Lake Natron Petrifies Animals

Lake Natron: The Mystery of the Lake That Petrifies Animals

Mystery lurks around Lake Natron, the lake that preys on bats, flamingos, and even buffaloes of enormous size. Petrified and dead, the animals look like statues guarding the lake.

The Truth Behind Tanzania’s Lake Natron, the Lake That Petrifies Animals

In 2011, photographer Nick Brandt traveled to the eastern region of Africa and took a detour to Lake Natron in Tanzania. What he thought was a perfect scenery for wildlife shots turned out to be a grave for animals. Brandt later found out that the famous lake turns them into stones.

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“When I saw those creatures for the first time alongside the lake, I was completely blown away,” says Brandt. “Instantly, I positioned them back to life, as if they were alive, and took some portraits.”

Across the Ravaged Lands is what came out of Nick Brandt’s trip, a collection of photographs that depict the life—or the lack thereof—of the animals that happen to have flown over and above the lake. As soon as the photos got out, news about the horrifying Lake Natron made the headlines of newspapers and televisions. Yet the mystery was never unraveled, making people more scared than they ever were.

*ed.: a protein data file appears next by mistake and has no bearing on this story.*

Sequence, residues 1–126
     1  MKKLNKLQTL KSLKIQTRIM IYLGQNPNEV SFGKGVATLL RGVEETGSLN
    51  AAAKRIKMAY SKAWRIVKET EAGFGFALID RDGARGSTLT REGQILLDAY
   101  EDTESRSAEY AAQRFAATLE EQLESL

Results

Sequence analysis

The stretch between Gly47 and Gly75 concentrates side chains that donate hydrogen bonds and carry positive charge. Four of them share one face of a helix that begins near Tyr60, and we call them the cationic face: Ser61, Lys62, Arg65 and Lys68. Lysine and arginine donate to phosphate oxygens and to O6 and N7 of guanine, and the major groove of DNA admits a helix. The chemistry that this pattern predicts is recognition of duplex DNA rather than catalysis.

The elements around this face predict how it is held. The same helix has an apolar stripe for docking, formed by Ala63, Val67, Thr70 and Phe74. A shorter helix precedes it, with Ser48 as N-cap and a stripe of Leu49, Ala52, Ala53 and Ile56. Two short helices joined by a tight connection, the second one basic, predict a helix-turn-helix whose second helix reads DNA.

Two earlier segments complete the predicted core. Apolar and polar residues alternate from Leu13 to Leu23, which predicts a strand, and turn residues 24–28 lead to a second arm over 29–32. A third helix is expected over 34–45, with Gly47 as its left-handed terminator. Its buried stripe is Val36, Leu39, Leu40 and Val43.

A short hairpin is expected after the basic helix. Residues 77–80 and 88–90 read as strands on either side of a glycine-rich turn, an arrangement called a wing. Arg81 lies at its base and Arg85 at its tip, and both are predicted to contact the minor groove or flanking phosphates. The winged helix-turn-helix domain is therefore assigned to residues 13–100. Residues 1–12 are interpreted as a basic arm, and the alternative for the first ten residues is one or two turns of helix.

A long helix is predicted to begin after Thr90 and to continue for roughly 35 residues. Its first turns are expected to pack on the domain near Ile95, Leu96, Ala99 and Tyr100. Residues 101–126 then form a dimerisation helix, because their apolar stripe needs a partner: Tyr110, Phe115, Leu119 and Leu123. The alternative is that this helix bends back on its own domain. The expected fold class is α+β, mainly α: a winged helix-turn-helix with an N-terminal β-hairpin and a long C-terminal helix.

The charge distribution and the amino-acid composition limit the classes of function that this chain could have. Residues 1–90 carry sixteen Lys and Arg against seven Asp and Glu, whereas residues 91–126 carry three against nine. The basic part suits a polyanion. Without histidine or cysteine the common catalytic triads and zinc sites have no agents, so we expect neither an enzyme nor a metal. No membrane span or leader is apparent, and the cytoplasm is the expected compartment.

Soon after, scientists and researches have emerged to explain the cause of the inexplicable phenomenon.

The lake is simply surrounded by extremely alkaline bedrock, just like the Dead Sea in Israel and the Great Salk Lake in Utah. As water evaporates from the Lake Natron, it leaves behind large concentrates of natron, a naturally occurring chemical mixture of sodium carbonate and baking soda. Because of its salinity, salt residues turn any inanimate objects, including dead animals, into rock-solid statues.

This is how Lake Natron petrifies animals. This, however, does not completely explain their deaths. The lake’s high salinity stills the water, creating a mirror-like illusion as if the surface were dry. Most times, birds fall for the trick that they end up crashing into the waters with a high pH level, which isn’t good for them. If that won’t kill them, the thriving endemic algae will.

Other than that, the temperature of the lake can go extremely hot or cold, depending on the season. Usually, the temperature is above 40° Celsius, which is too hot for animals.

The lake isn’t that mysterious, after all. But if you choose to go there, remember to be extra cautious.

Watch the video below